Historically, the imaginary surrounding Brazil has alternated between heaven and hell: if, on the one hand, the country is frequently compared to paradise for its natural beauty, on the other the violent reality of its most impoverished areas also makes headlines around the globe. Assuming that media products, namely Brazilian movies and telenovelas, are prominent propagators of such contrasting ideas for national and foreign audiences, this project examines how these visual discourses give rise to tourism flows across the country.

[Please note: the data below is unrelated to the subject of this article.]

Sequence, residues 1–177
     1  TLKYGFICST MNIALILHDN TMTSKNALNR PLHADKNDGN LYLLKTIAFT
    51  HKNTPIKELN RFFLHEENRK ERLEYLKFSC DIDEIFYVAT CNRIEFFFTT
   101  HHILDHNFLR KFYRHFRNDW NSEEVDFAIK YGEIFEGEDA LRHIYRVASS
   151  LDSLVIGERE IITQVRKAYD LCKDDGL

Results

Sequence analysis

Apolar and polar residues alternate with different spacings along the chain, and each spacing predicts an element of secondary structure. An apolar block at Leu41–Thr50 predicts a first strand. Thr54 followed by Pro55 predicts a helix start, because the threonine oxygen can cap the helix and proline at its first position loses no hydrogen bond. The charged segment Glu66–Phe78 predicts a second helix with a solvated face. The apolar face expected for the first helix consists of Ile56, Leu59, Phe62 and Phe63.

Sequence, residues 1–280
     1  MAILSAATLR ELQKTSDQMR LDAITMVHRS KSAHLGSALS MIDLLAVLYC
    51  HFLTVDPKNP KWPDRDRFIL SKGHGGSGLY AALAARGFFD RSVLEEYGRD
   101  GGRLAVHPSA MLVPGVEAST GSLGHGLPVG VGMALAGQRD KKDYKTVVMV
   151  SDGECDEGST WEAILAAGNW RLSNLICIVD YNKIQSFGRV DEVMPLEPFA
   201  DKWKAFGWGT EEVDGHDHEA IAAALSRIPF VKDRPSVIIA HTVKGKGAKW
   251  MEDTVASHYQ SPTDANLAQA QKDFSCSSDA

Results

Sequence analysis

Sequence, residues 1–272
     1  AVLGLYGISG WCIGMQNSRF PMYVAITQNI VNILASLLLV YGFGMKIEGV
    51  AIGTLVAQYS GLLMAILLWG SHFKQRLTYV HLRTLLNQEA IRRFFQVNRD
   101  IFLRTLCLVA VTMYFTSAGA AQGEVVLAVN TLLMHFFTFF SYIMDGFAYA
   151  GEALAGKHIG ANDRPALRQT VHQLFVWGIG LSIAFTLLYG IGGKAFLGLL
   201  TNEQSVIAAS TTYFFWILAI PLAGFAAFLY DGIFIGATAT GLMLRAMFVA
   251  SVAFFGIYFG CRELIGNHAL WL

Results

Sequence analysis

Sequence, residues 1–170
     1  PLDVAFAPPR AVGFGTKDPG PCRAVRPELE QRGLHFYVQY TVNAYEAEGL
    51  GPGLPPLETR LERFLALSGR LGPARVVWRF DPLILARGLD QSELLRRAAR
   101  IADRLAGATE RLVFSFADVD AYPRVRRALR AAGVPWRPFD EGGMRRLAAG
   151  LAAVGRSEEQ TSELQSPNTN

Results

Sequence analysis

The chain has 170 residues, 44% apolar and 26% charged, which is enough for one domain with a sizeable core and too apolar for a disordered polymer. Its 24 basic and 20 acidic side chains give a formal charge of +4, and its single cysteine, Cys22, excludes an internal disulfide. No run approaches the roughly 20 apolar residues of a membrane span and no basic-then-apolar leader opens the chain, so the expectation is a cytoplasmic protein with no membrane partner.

This study will examine in which ways the narratives articulated by these two genres are being appropriated by the tourism industry, with special attention to the phenomena of slum and soap opera tourism. Through the analysis of specific cases of film tourism in Brazil, e.g. tours to film and soap opera locations, this research will identify the main discourses propagated by such productions, keeping in mind the common stereotypes about Brazil but, at the same time, looking for new and more complex representations of the country. Also, interviews with production members, filmmakers and viewers will be held in order to grasp some insights about the processes of identification with and interpretation of such visual articulations. Following the second line of inquiry of the project, it will also investigate, under a critical perspective, how the Brazilian tourism authorities are negotiating these imaginaries, and to which extent they are using them in their destination marketing strategies in an attempt to boost film tourism in the country. Lastly, this subproject will analyse not only the tourist experience when visiting film and soap opera settings, but also the importance of these media discourses for diasporic audiences, that is, Brazilian expats around the world, to gain a sense of belonging to their homeland.